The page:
Elfen Lied Review: Crushing One Poor Soul At A Time

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Released over 10 years ago, Elfen Lied remains as heartbreaking and important as ever.

There are some anime that like to take things lightheartedly and embrace fun and happiness. And then there’s Elfen Lied.

Elfen Lied was brought to our screens in 2004 from the studio Arms, and my god it was a rollercoaster! I was first introduced to this show back in high school, and the 13-episode experience definitely changed me.

The show contains one of the most powerful and compelling narratives I have ever seen. It achieves this by not shying away from any uncomfortable topics so that the audience can truly connect with the characters.

In doing so, however, Elfen Lied becomes one of the most gut-wrenching, stomach-turning and heart-breaking stories in anime. Here I will detail a few of the ways it accomplishes this. [SPOILERS from here on out!]

Nana and Mayu Elfen Lied
Nana and Mayu – IMDB

Elfen Lied showcases some brutal and twisted imagery

Sometimes you come across a show that displays something so twisted that you can barely stand to watch. But all the same your eyes are fixed on what is happening on the screen.

Well, Elfen Lied takes that up to eleven. This anime has some deeply disturbing imagery that makes you feel sick. And yet somehow doesn’t feel irrelevant or unnecessary and makes you want to keep watching.

A prime example of this is Lucy’s massacre of the Diclonius Research Institute, where she tears her captive’s limbs apart in an effort to escape. It seems like overkill at the time, but when context is drawn to how she was treated there, her sheer rage seems justified.

Another brutal example is the murder of a stray dog that Lucy befriended. While a recluse, their relationship showed us how kind she used to be, and to witness something so merciless as she did made us chant for her to take her revenge. And that is exactly what we got.

One scene on the more disturbing side of the spectrum was the montage of Mayu’s past and explanation of why she ran away. Sexual abuse is a real issue in society, and audiences were shown exactly how upsetting and manipulative it could be. I personally wanted to be sick during the scene in question, but couldn’t look away from the pained expression on the young girl’s face.

Elfen Lied certainly never shied away from dark subject matter. But being so close and personal to their experiences made us all the more attached to the characters and why they became the people that we see.

Lucy Elfen Lied
Lucy – IMDB

The show has an incredibly powerful and emotional score

I can’t even think about the music from this show without tearing up. The score for Elfen Lied is so raw and genuine that not even the most heartless of viewers could remain untouched.

The show seems to know what scenes required flicking the switch for emotional music perfectly. It just made the experience of watching all the more moving. As someone who has a great love for music and its emotional power, I felt these effects particularly strongly.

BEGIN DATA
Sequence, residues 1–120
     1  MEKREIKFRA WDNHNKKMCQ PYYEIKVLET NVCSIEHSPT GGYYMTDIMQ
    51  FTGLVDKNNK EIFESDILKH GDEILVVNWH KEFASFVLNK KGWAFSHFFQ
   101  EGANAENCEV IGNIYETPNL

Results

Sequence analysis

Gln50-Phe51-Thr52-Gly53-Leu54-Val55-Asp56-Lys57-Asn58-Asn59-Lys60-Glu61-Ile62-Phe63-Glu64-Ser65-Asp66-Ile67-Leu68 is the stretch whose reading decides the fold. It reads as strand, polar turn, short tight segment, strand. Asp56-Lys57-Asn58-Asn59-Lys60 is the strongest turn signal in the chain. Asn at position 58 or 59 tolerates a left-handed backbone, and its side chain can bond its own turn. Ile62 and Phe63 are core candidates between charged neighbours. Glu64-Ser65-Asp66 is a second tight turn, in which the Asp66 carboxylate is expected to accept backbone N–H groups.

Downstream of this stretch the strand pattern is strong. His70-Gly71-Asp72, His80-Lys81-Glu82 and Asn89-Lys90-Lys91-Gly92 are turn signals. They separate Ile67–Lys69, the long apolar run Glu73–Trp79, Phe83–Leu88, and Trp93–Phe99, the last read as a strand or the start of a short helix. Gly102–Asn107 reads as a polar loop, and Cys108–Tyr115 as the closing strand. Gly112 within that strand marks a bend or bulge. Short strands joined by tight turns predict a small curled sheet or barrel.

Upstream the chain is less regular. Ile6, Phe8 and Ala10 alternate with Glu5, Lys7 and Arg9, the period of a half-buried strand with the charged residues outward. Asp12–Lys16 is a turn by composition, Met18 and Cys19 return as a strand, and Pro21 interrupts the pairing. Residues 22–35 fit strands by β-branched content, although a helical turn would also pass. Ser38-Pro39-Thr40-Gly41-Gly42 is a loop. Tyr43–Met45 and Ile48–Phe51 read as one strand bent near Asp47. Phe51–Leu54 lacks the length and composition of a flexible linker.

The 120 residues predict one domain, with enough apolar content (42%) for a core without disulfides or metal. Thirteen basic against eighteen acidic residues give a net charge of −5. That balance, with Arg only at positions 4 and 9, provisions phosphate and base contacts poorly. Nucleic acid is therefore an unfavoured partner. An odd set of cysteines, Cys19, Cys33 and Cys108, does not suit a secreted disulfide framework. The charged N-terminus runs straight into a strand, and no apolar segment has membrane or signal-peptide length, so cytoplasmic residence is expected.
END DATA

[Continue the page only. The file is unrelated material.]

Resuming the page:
Scenes such as Nana listening to Kurama’s farewell message, Kurama telling Mariko how much he loves her despite everything, and again the death of the dog are particularly strong in this regard.

A special mention must be made to the show’s main theme – Lillium, a latin hymn performed by Kumiko Noma. The piece was used masterfully throughout Elfen Lied, whether in its simpler music box version or in its complete orchestral glory. The montage to this song in the final episode makes me cry every time I watch it.

The Kaede Household Elfen Lied
The Kaede Household – IMDB

The character narratives are twisted, but still relatable

While Elfen Lied clearly brings out its psychological power through both audio and visuals, this would not be possible without having the emotional character arcs to back it up. But as horrible as these stories are depicted, they are actually quite relatable.

Lucy has been persecuted her entire life for being a Diclonius – something beyond her control. She has had to lie and kill just to survive. This is easily analogous to racism and persecution that can be observed throughout history.

Nana and Mariko’s narratives tie together in a story of broken homes, step-parenting, adoption and reconciliation. These are so prevalent in modern life, and yet it is almost never touched upon in fictional media (at least not this heavily).

Mayu’s sexual abuse at the hands of her stepfather and the apathy of her mother is a terrible example of how people abuse and torture those they can control. Sexual abuse in particular is a predominately taboo topic to cover, and that’s what makes this story so important.

Elfen Lied shines the most in developing its characters. Seeing these broken and hurt people come together, in ways we may have experienced, is so heart-warming and beautiful. It makes you root for the characters to find their happy endings in a way that not many stories can.

Nyu Elfen Lied
Nyu – Elfen Lied Wiki

Elfen Lied is an emotional powerhouse, but one worth enduring

Elfen Lied is a gem of modern storytelling. It does such a good job of keeping the audience enthralled and entranced by its characters. It never shies away from uncomfortable topics, and there lies one of its greatest strengths.

However, having the beauty of its visuals and raw power of its score makes it a work of art. The story couldn’t have the same impact without the same emotional weight behind it.

Elfen Lied is by no means a happy story, but don’t let that put you off. It is a story that will stay with you for a very long time, and is definitely worth experiencing.

Click here for an interview for with anime expert Michael Basile, discussing all things anime.

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